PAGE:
Tuesday, May 17, 2011

Kuchinotsu Port Nagasaki

Kuchinotsu Port Nagasaki was one of the first modern ports in Japan that accepted foreign traders.  After the arrival of the first Portuguese ship to Japan in 1543 and the introduction of Christianity six years later, the Daimyo (feudal lords) in various parts of the country began to welcome the Portuguese ships into their ports in order to promote trade and in some cases Christianity.

During the Age of Exploration, Portuguese trade ships left their mother port of Goa (India) and sailed to Nagasaki via Malacca, Macau and other Far East ports, finally returning to Goa after about three years.  Goods imported to Japan by the Portuguese ships included raw silk, silk fabric, cotton and woolen cloth, ivory, coral and sugar.  At the entrance of the Kuchinotsu Port Nagasaki is a statue depicting what the Portuguese looked like according to the Japanese in the day.  It is quite a sight to see the features being exaggerated beyond belief!

In 1865, the Portuguese moved to Kuchinotsu Port on the Shimabara Peninsula.  With its sheltered entrance and deep water and friendly locals it was well received as a great landing place.   In 1571 however, Kuchinotsu lost its status as Nagasaki's No 1 Port as Nagasaki Harbour opened.   Portuguese ship arrived here along with a chartered Chinese ship, thus marking the opening of Nagasaki Harbor for foreign trade making it the port of choice which it still retains today.  Kuchinotsu Port Nagasaki whilst still being a beautifully maintained deep water port pretty much has slipped into oblivion and is just a very sleepy coastal town and though it has remained a scenic beauty it really doesn't have anything to entice travellers to come and see its wares.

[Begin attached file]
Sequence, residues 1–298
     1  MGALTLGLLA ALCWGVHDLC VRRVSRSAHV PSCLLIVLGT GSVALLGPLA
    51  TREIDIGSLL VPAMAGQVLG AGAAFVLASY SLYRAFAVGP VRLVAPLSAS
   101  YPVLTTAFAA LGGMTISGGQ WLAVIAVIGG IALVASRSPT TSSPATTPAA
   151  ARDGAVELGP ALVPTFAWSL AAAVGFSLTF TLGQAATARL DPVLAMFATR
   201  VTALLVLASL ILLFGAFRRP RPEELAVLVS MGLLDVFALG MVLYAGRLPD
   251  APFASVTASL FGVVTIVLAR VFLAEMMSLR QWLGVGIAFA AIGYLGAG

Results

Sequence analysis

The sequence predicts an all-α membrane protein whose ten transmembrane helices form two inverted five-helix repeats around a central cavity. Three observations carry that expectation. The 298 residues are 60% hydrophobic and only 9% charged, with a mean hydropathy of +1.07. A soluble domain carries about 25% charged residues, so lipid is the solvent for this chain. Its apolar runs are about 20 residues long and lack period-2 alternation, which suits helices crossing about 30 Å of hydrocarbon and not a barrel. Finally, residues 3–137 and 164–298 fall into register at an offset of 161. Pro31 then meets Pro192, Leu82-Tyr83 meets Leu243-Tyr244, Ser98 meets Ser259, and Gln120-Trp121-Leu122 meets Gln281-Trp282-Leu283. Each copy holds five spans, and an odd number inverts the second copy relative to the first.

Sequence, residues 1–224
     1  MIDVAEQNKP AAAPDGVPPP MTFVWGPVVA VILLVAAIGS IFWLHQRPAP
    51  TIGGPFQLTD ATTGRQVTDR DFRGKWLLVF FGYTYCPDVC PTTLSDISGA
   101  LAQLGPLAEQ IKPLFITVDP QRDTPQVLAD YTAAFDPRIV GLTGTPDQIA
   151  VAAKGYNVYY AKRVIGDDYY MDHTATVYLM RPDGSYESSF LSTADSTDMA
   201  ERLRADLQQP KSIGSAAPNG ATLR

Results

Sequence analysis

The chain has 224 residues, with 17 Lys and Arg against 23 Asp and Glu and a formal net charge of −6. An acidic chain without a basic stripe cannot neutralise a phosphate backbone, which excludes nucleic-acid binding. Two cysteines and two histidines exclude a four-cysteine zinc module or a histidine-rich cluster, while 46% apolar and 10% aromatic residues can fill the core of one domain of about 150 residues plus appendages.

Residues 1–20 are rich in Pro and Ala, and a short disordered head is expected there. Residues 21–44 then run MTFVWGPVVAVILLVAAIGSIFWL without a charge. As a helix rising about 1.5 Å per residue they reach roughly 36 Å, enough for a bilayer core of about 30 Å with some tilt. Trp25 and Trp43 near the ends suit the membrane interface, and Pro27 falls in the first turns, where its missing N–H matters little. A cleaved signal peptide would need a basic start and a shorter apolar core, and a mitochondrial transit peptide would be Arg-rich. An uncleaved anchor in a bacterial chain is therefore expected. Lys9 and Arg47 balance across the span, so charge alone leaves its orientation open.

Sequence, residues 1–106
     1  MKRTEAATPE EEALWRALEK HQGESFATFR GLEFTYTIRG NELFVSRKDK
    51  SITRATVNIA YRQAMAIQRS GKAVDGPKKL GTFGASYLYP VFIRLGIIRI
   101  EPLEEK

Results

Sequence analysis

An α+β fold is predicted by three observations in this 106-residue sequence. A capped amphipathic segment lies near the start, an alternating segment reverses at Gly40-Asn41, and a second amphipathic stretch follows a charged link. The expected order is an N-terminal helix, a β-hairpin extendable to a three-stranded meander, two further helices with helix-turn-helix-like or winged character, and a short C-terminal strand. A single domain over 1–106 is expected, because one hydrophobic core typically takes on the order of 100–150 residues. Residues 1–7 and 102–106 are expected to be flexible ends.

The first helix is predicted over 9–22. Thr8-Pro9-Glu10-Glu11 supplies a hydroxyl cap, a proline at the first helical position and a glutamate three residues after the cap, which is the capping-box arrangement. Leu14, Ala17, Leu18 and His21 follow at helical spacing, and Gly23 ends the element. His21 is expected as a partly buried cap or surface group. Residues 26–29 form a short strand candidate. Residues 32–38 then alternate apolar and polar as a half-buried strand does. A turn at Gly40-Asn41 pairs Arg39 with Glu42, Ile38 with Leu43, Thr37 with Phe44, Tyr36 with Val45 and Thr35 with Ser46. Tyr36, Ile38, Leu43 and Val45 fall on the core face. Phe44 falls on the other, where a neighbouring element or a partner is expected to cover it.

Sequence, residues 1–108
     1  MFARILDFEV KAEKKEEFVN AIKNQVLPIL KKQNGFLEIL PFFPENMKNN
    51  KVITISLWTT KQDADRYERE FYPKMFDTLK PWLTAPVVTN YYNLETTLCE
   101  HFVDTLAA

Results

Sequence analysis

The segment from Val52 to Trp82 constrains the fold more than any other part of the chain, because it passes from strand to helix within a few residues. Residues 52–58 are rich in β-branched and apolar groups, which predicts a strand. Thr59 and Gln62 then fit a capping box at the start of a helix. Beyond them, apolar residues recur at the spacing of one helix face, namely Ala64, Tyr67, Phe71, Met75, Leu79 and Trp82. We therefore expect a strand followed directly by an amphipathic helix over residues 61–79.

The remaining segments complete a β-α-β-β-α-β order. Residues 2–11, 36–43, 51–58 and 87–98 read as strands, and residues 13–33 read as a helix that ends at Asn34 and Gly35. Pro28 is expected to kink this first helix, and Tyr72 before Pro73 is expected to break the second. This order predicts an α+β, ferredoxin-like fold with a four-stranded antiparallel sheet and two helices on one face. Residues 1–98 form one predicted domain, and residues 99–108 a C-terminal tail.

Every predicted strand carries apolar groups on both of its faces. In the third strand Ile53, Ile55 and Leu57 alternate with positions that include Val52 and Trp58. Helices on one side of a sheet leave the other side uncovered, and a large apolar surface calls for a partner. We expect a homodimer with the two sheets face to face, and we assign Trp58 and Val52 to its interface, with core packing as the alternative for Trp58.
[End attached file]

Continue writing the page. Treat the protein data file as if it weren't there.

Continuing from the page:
Check out Kuchinotsu Port Nagasaki on a map!

Please click on the photos below to enlarge:


Celebrating 450 years since the first ships came


The European ships

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lick on the video below to see how The Portuguese were depicted by the Japanese at Kuchinotsu Port Nagasaki:




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